The precise densities for the dense portion and the porous portion will, of course, depend on the particular use to be made of the article. In general, however, the dense ceramic portion should preferably have a density of at least about 90% of theoretical (i.e., 90% of the theoretical highest density possible for theparticular ceramic being used) and the porous portion should preferably have a density of less than of theoretical, ideally from 50% to 80% of theoretical where the chief characteristic sought in the porous portion is optimum thermal shock resistance commensurate with good physical strength. When alumina base ceramic is used for both portions, as is generally preferred, a typical example would be a dense portion with a density of 3.7 g./cc. and a porous portion with a density of 2.5 g./cc.
The embodiment shown in FIGURE 2 differs from that shown in FIGURE 1 in that there are bores 8 through the porous ceramic portion 10 which surrounds the dense ceramic portion 12. This embodiment can be manufactured as described above for FIGURE 1 except for the step required to provide the bores in the outer porous portion. This can be accomplished by machining the bores in the porous portion prior to firing or, alternatively and preferably, by using the method described and claimed in my aforesaid co-pending United States patent application.
It will be understood that while the invention has been described with reference to certain specific embodiments, various changes may be made, all Within the full and intended scope of the claims which follow. For example, instead of a single multi-bore core, it may be desirable to use a plurality of tubes of dense ceramic as core elements. Dense ceramic tubes can also be used to provide fluid impermeable passages through the porous portion of the FIGURE 2 embodiment. This is easily accomplished by using ceramic tubes of dense formulation as the arbors in the method of my aforesaid co-pending patent application, such tubular arbors being left in the green compact during firing and becoming a monolithic part of the fired ceramic article. Where the tubes are in a green or unfired state such as to lack physical strength at the time they are used as the arbors, hard metal rods can be inserted into the bores prior to pressing the porous ceramic formulation around the tubes to thereby prevent collapse of the tubes from the pressure applied. Such rod can then be removed after such pressing operation and prior to firing. As a further example, for some applications it may be desirable to surround the porous portion with a thin dense fluid impermeable outer shell. This can be done by compacting a thin layer of dense ceramic formulation around the porous portion prior to firing, the resulting fired monolithic article having a dense ceramic core and outer shell with porous ceramic portion therebetween. As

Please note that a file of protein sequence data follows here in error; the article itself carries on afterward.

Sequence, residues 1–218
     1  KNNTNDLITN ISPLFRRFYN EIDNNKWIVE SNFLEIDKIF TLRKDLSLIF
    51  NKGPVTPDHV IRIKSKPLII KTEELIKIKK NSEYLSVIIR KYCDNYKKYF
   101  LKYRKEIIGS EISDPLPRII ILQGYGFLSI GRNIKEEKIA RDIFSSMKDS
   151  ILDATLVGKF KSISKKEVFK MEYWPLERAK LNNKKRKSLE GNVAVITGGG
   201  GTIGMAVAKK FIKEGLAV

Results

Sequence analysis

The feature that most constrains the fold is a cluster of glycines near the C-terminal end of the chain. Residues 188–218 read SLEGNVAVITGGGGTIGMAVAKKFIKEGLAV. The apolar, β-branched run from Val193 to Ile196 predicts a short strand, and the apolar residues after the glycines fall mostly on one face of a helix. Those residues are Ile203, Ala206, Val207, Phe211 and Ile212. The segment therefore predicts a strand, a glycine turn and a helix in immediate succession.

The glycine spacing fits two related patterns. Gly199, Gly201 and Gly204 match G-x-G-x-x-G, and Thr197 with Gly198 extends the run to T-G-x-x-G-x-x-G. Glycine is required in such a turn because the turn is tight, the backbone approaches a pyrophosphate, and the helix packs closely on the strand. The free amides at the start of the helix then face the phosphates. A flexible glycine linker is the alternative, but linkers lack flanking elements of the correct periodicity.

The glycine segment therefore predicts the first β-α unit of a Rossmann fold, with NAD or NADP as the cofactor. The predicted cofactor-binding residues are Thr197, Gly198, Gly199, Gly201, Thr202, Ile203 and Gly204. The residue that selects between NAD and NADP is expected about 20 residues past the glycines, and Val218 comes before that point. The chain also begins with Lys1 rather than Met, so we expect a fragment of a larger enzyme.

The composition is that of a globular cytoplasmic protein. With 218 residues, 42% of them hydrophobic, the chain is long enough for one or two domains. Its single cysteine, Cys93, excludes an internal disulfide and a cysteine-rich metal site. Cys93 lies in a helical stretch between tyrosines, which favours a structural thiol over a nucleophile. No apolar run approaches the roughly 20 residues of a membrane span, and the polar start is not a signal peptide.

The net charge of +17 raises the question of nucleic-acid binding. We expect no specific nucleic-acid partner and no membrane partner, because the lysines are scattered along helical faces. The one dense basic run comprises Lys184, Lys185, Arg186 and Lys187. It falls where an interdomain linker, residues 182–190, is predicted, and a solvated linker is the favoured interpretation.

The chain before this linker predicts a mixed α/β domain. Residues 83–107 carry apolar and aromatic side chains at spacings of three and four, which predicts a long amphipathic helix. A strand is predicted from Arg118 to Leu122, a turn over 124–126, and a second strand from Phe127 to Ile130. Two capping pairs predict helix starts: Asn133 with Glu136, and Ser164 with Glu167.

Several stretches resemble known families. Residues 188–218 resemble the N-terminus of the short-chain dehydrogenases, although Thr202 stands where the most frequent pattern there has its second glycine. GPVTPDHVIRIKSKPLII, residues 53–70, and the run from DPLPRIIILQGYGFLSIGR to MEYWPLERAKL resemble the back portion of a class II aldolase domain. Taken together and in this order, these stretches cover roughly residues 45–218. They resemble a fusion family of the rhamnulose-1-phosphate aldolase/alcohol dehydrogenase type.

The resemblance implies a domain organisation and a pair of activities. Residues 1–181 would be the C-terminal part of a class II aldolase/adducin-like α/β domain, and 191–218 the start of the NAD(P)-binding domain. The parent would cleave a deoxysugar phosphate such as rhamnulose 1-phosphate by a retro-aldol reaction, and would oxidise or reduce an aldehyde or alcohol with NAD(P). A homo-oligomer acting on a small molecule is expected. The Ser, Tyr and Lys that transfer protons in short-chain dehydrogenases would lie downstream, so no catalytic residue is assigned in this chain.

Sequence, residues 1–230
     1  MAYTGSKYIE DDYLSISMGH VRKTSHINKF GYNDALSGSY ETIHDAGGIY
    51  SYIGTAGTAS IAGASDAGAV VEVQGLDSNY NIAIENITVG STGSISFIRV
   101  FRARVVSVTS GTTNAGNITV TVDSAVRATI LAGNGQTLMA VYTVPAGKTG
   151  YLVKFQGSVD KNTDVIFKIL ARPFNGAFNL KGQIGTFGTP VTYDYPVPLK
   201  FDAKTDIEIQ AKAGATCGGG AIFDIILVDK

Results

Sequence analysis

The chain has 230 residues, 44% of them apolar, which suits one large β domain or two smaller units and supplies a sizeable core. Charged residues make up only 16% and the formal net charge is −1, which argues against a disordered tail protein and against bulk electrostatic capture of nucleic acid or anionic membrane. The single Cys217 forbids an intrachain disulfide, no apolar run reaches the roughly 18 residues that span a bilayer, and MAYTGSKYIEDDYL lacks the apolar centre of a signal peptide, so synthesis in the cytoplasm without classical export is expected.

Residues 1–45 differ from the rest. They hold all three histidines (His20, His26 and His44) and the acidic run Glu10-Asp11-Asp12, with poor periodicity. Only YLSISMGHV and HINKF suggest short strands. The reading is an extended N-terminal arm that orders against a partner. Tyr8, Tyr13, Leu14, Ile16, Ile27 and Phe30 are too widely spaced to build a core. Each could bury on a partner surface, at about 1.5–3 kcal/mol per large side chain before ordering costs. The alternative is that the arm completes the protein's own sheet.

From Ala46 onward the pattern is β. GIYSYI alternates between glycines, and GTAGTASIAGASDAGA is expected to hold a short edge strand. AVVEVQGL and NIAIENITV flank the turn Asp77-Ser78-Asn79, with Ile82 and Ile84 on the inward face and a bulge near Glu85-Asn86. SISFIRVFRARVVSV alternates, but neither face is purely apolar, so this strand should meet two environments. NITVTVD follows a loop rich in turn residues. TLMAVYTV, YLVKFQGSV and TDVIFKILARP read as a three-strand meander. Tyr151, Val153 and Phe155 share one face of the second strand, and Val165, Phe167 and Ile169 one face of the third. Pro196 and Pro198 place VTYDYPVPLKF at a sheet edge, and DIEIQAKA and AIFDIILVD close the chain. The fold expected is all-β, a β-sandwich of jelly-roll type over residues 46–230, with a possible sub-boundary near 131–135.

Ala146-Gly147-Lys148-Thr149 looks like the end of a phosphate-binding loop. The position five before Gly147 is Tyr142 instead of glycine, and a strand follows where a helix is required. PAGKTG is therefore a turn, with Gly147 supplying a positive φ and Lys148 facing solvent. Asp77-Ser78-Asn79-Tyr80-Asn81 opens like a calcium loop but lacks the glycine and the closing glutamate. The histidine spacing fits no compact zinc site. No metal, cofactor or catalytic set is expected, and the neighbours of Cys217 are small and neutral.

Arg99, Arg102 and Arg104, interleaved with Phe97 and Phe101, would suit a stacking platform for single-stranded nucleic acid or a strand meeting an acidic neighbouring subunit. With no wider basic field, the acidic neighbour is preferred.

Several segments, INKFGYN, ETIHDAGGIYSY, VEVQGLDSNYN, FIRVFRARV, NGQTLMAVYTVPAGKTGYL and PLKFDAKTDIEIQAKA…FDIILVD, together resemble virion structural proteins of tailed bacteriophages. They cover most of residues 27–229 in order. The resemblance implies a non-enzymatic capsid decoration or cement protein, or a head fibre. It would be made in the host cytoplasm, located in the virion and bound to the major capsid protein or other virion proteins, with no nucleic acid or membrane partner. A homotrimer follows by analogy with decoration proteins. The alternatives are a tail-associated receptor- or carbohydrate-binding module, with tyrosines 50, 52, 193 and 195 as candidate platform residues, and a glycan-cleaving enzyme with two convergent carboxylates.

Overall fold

a still further example, the dense ceramic core portion, say a tube having a density of 95% of theoretical, can be surrounded by concentric progressively less dense ceramic portions ranging from a density of, for example, of theoretical for the surrounding portion immediately adjacent to tubular core and down to a density of, for example, 50% of theoretical for the outermost surrounding portion.
1. A monolithic ceramic article having a dense ceramic core portion surrounded by a porous ceramic portion.
2. A monolithic ceramic article as set forth in claim 1 wherein the dense core portion has at least one passage extending therethrough.
3. A monolithic ceramic article as set forth in claim 1- wherein the porous ceramic portion has at least one passage extending therethrough.
4. A monolithic ceramic article as set forth in claim 1 wherein both of said portions are of substantially the same ceramic.
5 6 5. A monolithic ceramic article as set forth in claim 4 References Cited CR/6113:1221 both of said portions are of aluminum oxide base FOREIGN PATENTS 6. A monolithic ceramic article as set forth in claim 1 1,040,846 9/1966 Great Britainwherein the core portion has a density of at least about 90% of theoretical and the surrounding portion has a 5 WILLIAM VAN BALEN Primary Exammer density of less than about 85% of theoretical. U S Cl X R 7. A monolithic ceramic article as set forth in claim 6 wherein the surrounding portion has a density of from 65l8, 48; 161-112, 113, 160, 166; 26460 about 50% to 80% of theoretical. 1O
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|U.S. Classification||428/137, 264/629, 65/48, 428/138, 428/312.8, 264/44, 264/667|
|International Classification||C04B37/00, C04B35/00, B29C43/10, B29C43/00, C04B38/00|
|Cooperative Classification||B29C43/10, C04B35/00, B29C43/006, C04B2111/00413, C04B37/00, B29C2043/3238, C04B38/00|
|European Classification||C04B35/00, C04B37/00, B29C43/10, C04B38/00|